Dime (U.S. coin)

From Academic Kids

A dime is a coin issued by the United States Mint with a denomination of one-tenth of a United States dollar, or ten cents.

Dime (United States)
Value: 0.10 U.S. dollars
Mass: 2.268 g
Diameter: 17.91 mm
Thickness: 1.35 mm
Edge: 118 reeds
Composition: 91.67% Cu, 8.33% Ni
Obverse
Missing image
United_States_dime,_obverse,_2002.jpg
U.S. dime obverse

Design: Franklin Roosevelt
Designer: John R. Sinnock
Design Date: 1946
Reverse
Missing image
United_States_dime,_reverse.jpg
U.S. dime reverse

Design: torch, oak branch,
olive branch
Designer: John R. Sinnock
Design Date: 1946

In colloquial language, the word dime usually refers only to the ten-cent coin rather than to the quantity of money; one would not normally call two separate five-cent coins taken together a "dime". The word is not merely colloquial, but also official, and appears on the coin itself. The coins in the United States and Canada are similar to each other, and are physically the smallest coins currently produced by either country.

Contents

General history

While now made of sandwich-like clad layers of cupro-nickel (an alloy of 75 percent copper and 25 percent nickel) and copper, dimes were originally made of 89.24 percent silver and 10.76 percent copper, the expense of which required the coins to be very small in order to prevent their intrinsic value being worth more than face value.

The dime is the only current U.S. circulating coin whose design contains no reference to "cent" or "dollar". This omission, along with the fact that it is smaller than both the U.S. one-cent and five-cent pieces, often leads to confusion among those unfamiliar with U.S. money. Bearing in mind that the name of the coin comes from the French dixième, meaning "one-tenth" (of a dollar), can help people remember its value. The original spelling on U.S. coinage was "disme," but the "s" was dropped in the 1800s.

Dimes are important to the history of coins in that they were the first coins minted as part of the decimal system pioneered by the U.S. monetary system.

Early dimes (1796-1837)

The Draped Bust/Small Eagle design, minted in 1796 and 1797, was the work of then-Chief Engraver Robert Scot. The portait of Liberty was based on a Gilbert Stuart drawing of prominent Philadelphia socialite Ann Willing Bingham. All 1796 dimes have 15 stars, while 1797 dimes have either 16 stars (reflecting Tennessee's admission as the 16th state) or 13 stars (for the 13 original states, after the Mint deemed it impractical to continue the practise of adding a new star for each new state).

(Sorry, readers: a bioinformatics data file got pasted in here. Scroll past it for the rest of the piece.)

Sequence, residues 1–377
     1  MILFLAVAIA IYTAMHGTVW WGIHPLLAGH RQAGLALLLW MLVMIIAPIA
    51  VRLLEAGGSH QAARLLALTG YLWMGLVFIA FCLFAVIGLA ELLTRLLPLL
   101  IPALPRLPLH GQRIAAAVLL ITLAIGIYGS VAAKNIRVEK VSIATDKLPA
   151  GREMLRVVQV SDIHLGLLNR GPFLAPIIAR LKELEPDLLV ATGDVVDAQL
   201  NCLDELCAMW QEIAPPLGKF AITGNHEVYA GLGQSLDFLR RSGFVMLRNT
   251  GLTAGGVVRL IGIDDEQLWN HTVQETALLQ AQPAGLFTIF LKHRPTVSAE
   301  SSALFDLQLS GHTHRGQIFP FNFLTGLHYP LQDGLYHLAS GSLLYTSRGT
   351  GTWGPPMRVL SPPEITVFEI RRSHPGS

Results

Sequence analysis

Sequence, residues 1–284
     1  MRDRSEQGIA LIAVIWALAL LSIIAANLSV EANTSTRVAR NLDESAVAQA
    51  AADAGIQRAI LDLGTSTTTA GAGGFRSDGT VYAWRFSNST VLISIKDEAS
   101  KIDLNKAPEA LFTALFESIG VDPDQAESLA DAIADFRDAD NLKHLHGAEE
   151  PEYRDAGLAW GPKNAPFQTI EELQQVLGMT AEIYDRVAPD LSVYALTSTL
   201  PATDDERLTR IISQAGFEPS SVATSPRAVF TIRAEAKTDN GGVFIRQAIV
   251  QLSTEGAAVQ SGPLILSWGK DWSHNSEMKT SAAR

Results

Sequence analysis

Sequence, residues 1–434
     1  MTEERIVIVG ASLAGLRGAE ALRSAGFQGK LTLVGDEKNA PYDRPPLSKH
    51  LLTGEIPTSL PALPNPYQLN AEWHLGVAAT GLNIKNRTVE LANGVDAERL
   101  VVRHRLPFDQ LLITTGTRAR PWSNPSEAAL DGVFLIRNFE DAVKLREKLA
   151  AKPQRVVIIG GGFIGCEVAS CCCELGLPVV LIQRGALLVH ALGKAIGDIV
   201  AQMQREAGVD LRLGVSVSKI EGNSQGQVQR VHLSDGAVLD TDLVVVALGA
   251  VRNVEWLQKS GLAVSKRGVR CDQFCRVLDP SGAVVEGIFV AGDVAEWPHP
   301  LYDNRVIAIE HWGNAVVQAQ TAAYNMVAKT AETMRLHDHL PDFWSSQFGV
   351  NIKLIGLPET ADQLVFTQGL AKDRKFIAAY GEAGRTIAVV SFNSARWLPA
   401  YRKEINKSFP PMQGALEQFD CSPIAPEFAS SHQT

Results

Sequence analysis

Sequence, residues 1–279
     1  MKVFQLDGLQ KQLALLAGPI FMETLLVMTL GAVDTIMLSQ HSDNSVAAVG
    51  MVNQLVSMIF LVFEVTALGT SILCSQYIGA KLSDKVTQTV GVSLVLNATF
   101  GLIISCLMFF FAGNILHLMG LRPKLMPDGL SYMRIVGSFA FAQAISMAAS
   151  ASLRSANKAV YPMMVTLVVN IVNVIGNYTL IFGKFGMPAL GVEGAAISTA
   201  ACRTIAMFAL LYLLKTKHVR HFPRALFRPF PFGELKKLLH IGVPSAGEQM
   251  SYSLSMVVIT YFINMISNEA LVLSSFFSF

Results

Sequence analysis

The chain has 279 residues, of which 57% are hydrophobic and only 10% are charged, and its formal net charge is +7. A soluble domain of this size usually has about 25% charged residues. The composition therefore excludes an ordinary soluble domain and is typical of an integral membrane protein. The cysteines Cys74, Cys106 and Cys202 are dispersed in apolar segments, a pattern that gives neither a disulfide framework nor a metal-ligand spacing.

In 1798, the Heraldic Eagle reverse made its debut. The obverse continued from the previous series, but the eagle on the reverse was changed from the widely criticized "scrawny" hatchling to a scaled-down version of the Great Seal of the United States. Also the work of Robert Scot, this design continued through 1807, though no dimes dated 1799 or 1806 were made.

The Draped Bust design was succeeded by John Reich's Capped Bust, which ran from 1809 to 1828 in the large size and from 1828 to 1837 in the small size. Both obverse and reverse were changed extensively. The Capped Bust design bears the unique distinction of being the only dime ever minted by the United States to bear an explicit indication of its value, with the lettering "10C" appearing on the reverse below the eagle. It also began the longstanding (though not unbroken; notable exceptions include the Barber dime, quarter, and half-dollar as well as the Lincoln cent) U.S. tradition of the obverse portrait facing to the left. Improvements in the striking process allowed the diameter to be reduced (and the thickness correspondingly increased) from approximately 18.8 millimeters to 18.5 millimeters in 1828, though the weight and purity were left unchanged.

Seated Liberty dimes (1837-1891)

Christian Gobrecht designed this dime, whose obverse design, as was the tradition of the time, graced every circulating silver U.S. coin of the period. The most significant non-design change from the previous series was a reduction in diameter to 17.9 millimeters, a size that has continued to the present day, and a change in composition from .8924 fine silver (the balance made up in copper) to .900 fine silver. This was accompanied by a decrease in mass from 2.70 grams to 2.67 grams to maintain consistent silver content. Arrows at the date in 1853 and 1873 indicated changes in the coin's mass, initially from 2.67 grams to 2.49 grams to combat rising silver prices, then to 2.50 grams to make the dime one-tenth the mass of a French 5-franc piece. This latter alteration was brought about by the Mint Act of 1873, which, in an attempt to make U.S. coinage the currency of the world, added a small amount of mass to the dime, quarter, and half-dollar in order to bring their weights in line with fractions of the French 5-franc piece. See also [1] (http://www.coinsite.com/CoinSite-PF/PParticles/10carr73.htm).